Fraudulent Billing by Hospitalists?

By  |  June 15, 2010 | 

Jack Percelay writes…

Recently I’ve heard some allegations about fraudulent billing by hospitalists.    I expect this allegation may well relate to inherent inadequacies in current CPT coding. As a pediatric hospitalist working in the PICU, I  am able  to use  daily global codes for patients less than 5 years of age, but such codes aren’t available outside these circumstances.  Maybe they should be……

To me it seems obvious that hospitalists will submit higher level inpatient codes than non-hospitalists, but when I ran my ideas past an adult hospitalist colleague, he wasn’t sure that hospitalists necessarily took care of sicker patients, were more knowledgeable about inpatient coding, and/or routinely got credit for multiple visits per day.   These are the three reasons I believe hospitalists’  CPT coding distribution should be higher than that of PCPs.  In pediatrics we have some data that 40-50 % of codes are level 3, 40-50% level 2, and only 10% or fewer are level 1.  I am not aware of the distribution among adult hospitalists, but think this would be valuable information to share across groups.  My anecdotal observation in pediatrics is that it is easy to fail to chart follow up visits with repeat assessments and discussions that would appropriately raise a visit up a notch.  Most of us are no fan of charting.

Enter global codes.  We are all familiar with the global fees surgeons get for a procedure and the related post-operative management.  One wonders if their typically brief notes are not just a shared personally trait, but also a result of their charting not being audited for reimbursement.  Op notes are detailed.  That’s the proof that the work is done.

Global codes in pediatrics work differently; they are daily global codes, and they are limited to pediatric neonatal and pediatric critical care.  You can check them out under the following numbers in a CPT book:   9946X-9947X.  In general they apply to a calendar day’s service, and are broken down into initial day critical care and subsequent day critical care with some age (and for preemies size > or < 1500g) criteria.  wRVU values are impressive, ranging from  18.46 wRVUs for the first day of neonatal critical care (CPT 99468) to 6.75 wRVUs for subsequent day critical care for a 4 year old  (CPT 99476).  This compares to time-based critical care codes for adults and children >5 years of age where the first 30-74 minutes   (CPT 99291) is worth 5.84 wRVUs and each additional 30 minutes (CPT 99292) is worth 2.92 wRVUs.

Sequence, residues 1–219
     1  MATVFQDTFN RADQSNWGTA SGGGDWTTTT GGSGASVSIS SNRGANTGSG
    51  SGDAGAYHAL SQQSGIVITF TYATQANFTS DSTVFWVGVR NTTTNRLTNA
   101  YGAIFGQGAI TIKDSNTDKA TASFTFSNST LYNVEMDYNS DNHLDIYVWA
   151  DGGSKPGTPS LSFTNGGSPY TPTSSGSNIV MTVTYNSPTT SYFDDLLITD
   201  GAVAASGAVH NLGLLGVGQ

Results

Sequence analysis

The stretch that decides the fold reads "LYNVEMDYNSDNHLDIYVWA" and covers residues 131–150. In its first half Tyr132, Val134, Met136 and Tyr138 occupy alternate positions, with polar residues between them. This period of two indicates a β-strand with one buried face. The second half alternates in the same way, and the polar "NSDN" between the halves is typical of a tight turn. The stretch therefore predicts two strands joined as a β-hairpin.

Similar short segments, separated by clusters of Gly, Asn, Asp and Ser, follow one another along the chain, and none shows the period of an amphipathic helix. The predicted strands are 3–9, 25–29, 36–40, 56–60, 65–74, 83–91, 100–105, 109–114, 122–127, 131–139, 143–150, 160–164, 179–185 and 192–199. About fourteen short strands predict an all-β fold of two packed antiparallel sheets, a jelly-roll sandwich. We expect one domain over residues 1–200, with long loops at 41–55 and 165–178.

Benefits of these codes are that you don’t need to fluff the chart with a 10 item review of systems, nor do you need to document each block of time spent with the patient.  You need to chart what is appropriate for a medical record, not a financial record.  There are of course downsides.  Some kids are much sicker than average, and there is no provision for prolonged face-to-face time with the daily global code.  On the other hand, some kids are less sick.  Overall, it is supposed to average out. 

The codes lack the sophistication of DRGs with 400+ different acuity and resource consumption determinations.  Intensity of work is divided between initial and subsequent days, or stable vs. unstable neonate.

So how were pediatric neonatologists and intensivists successful in developing these codes? Well, it wasn’t easy.  It was a 10-15 year process of submitting audited documentation that care was delivered continuously in a team fashion with supervision by the intensivist, multiple brief visits during the day in addition to the daily rounds, routinely relatively extensive family discussions, and sick patients.  Hmmmmm.   Doesn’t sound all that different to me from how we routinely function on the wards as adult and pediatric hospitalists.

My interpretation of why this happened is that the CPT people recognize that inpatient care delivered in this team mode with 24/7 physician presence warrants global codes.  Politically, it is feasible to introduce these codes for patients < 5 years of age.  Neither CMS nor most subspecialty societies pay much attention to this population.  But, once you try to introduce global codes to general inpatients, it’s a whole other can of worms.  To paraphrase, what’s good for the goslings, isn’t good for the geese.

To come full circle, I still believe we hospitalists can use the current CPT hospital care codes to document the work we do, though I expect we undercode overall.  But I hope when people look at healthcare reform models, some projects will experiment with daily global codes for physician  (and non-physician provider) inpatient care, and other projects will experiment with  global reimbursement for physician/NPP fees for the entire inpatient stay for a particular DRG. 

Feedback? ……Anyone?…… Buehler?

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